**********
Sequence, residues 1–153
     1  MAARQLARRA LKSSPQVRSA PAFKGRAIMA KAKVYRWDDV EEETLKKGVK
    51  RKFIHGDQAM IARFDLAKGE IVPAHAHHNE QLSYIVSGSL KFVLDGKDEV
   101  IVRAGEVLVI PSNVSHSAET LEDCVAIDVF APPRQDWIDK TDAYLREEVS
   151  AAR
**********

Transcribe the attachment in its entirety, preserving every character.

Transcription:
Sequence, residues 1–153
     1  MAARQLARRA LKSSPQVRSA PAFKGRAIMA KAKVYRWDDV EEETLKKGVK
    51  RKFIHGDQAM IARFDLAKGE IVPAHAHHNE QLSYIVSGSL KFVLDGKDEV
   101  IVRAGEVLVI PSNVSHSAET LEDCVAIDVF APPRQDWIDK TDAYLREEVS
   151  AAR